This Article examines the United States Supreme Court’s practice in First Amendment cases of not resolving the precise level of scrutiny that applies to measure a statute’s validity. Rather than opting for one of two tiers of scrutiny — one more rigorous than the other—the Court sometimes dodges the issue. It does this by concluding that a statute would not pass muster under the more lenient standard, thereby rendering it unnecessary to decide which test was, in fact, more appropriate. The Court thus adopts an “assuming-without-deciding” logic in such cases, simply supposing the lesser standard applies without definitively holding as much. In turn, when lower courts confront uncertainty regarding the correct level of scrutiny, they too sometimes avoid picking one standard of review by embracing this “it wouldn’t make any difference anyway” brand of reasoning. This Article addresses why the Supreme Court engages in this practice. Additionally, it considers how this variety of procedural minimalism, which it dubs scrutiny-determination avoidance, affects doctrinal development of the pivotal division between content-based and content-neutral laws. First Amendment scrutiny selection hinges largely on that distinction. Furthermore, this Article analyzes what the implementation of this minimalistic tack may indicate about the practical differences between the strict and intermediate scrutiny standards in their real-world application.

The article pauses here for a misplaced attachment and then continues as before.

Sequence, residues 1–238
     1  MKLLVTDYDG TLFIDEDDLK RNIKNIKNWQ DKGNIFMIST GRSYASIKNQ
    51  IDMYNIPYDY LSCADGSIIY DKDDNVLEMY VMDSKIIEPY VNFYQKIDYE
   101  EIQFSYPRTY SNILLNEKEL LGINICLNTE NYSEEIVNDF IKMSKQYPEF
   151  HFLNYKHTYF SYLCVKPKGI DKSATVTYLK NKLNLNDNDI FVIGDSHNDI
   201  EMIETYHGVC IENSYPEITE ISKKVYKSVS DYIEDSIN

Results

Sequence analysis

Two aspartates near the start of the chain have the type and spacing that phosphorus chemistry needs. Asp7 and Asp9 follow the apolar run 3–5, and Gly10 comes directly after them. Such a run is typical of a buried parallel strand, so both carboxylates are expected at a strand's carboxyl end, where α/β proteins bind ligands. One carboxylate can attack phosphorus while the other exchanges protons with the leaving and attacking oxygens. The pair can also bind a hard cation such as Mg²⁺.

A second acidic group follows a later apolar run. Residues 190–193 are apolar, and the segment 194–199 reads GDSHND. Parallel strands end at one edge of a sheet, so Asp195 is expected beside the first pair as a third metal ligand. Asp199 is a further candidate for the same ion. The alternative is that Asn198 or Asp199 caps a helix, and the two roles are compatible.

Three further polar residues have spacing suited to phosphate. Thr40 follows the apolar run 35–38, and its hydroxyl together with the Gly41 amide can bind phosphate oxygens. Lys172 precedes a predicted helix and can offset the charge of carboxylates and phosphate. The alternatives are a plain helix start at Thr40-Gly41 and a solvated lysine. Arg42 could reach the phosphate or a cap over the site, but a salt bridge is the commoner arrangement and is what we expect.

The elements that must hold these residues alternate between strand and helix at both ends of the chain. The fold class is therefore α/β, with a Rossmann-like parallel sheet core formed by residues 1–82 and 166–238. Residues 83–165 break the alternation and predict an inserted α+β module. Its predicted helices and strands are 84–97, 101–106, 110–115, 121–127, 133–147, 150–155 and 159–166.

Clay Calvert, Scrutiny-Determination Avoidance in First Amendment Cases: Laudable Minimalism or Condemnable Evasion?, 22 Nev. L.J. 1 (2021)